Robert Carroll and Stephen Prickett

in The Bible: Authorized King James Version

Published in print February 1998 | ISBN: 9780192835253
Published online April 2009 |

Series: Oxford World's Classics


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This is a diaspora novel telling the story of how the beautiful Esther (Hadassah) and her cousin Mordecai (Esther was Mordecai's uncle's daughter) came to power in the Persian court after having overcome the hostile plots of Haman. It became the foundation of the feast of Purim, a popular Jewish festival celebrating the triumph of Esther and Mordecai over their enemy Haman—a triumph which saved the Jews from annihilation by their enemies.48Esther is a beautiful orphan brought up by her cousin, whose beauty won for her Ahasuerus, the Persian king's, favour after his own wife (Vashti) had refused to display her beauty to all the court during a great feast (1). Esther so pleased King Ahasuerus that he made her queen in Vashti's place. This fortuitous honour brought Esther's guardian Mordecai inside the king's gate and left him well placed to inform the king, via Esther, of a plot against his life. The plotters were hanged—hanging is an important motif in the Book of Esther. Thereafter the focus is on the newly promoted Haman the Agagite (of the family of the Amalekite King Agag in 1 Sam. 15) and the rivalry between Haman and Mordecai. Jewishness is the key to the plot: Haman knows that Mordecai is a Jew, but neither Haman nor Ahasuerus knows that Esther is a Jew. The rest can easily be guessed. Haman persuades Ahasuerus of the fact that throughout his kingdom there is a people (meaning the Jews) whose laws are different and who do not keep his laws. The king grants Haman permission to have them destroyed and letters are sent throughout the empire setting the day when this will take place (3). This is a crisis Esther alone can handle: as Mordecai says: ‘who knoweth whether thou art come to the kingdom for such a time as this?' (4: 14). The Jews' fate hangs on Esther's willingness to intervene with the king, and she sets about engineering the downfall of Haman. In the meantime Zeresh, Haman's wife, and all Haman's friends persuade him to have a 75-foot (50-cubits) high gallows built to hang Mordecai. Haman is, of course, defeated and hanged on the very gallows which he had had prepared for Mordecai (7). A counter-command is then sent throughout the empire permitting Jews to defend themselves on the day set apart for their destruction. Esther also gives the command for the ten sons of Haman to be hanged (9: 14). The days of feasting by the Jews which followed this escape from destruction were called Purim (9: 26), and letters were sent to the Jews throughout the empire apprising them of this feast. The story ends with a declaration of Mordecai's greatness, for he was next to the king in power and great among the Jews (10: 3). Of Esther we hear no more.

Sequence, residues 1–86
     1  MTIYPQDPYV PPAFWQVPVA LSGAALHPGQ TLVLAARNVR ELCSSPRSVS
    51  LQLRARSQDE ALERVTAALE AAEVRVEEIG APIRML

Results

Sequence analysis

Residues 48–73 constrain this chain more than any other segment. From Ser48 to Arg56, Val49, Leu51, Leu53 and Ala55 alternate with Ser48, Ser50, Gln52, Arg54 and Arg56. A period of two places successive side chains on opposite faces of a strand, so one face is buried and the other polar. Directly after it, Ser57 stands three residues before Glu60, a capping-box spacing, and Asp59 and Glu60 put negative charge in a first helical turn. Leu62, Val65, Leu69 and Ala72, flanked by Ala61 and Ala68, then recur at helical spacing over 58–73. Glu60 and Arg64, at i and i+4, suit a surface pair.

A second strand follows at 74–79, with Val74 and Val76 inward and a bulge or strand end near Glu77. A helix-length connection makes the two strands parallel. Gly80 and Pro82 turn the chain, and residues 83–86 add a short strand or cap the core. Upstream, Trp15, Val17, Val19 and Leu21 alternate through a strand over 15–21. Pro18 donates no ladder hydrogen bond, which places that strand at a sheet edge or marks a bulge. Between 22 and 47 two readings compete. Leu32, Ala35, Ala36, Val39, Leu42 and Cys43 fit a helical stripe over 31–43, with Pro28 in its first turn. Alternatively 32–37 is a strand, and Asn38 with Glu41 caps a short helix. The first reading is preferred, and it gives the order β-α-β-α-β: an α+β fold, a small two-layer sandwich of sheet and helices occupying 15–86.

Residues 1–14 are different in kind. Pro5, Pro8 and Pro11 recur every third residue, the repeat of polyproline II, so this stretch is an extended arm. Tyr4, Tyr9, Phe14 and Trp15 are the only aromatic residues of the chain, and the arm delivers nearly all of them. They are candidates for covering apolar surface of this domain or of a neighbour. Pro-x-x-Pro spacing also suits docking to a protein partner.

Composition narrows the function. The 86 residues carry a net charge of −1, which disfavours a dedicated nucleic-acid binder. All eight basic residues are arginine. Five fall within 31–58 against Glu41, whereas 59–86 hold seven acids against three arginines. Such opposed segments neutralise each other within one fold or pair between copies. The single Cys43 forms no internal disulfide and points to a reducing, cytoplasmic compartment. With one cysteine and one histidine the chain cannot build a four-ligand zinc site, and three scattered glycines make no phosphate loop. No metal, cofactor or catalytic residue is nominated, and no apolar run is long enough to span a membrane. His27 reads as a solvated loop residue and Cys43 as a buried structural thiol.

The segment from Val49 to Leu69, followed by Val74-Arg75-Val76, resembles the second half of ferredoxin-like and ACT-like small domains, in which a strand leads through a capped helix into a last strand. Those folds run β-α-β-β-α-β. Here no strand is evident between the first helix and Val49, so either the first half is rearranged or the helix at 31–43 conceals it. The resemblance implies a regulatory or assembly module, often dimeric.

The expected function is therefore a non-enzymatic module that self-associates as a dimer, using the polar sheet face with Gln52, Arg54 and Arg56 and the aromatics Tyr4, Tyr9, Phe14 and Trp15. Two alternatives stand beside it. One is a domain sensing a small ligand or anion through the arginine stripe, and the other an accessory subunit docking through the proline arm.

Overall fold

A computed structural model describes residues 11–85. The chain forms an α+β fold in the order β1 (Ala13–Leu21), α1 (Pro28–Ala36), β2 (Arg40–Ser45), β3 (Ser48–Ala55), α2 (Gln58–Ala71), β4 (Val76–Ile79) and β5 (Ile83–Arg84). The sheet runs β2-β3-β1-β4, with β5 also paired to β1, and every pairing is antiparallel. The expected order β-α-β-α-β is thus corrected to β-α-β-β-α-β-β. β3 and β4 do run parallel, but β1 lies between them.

Chapter.  601 words. 

Subjects: Religious Studies ; Biblical Studies

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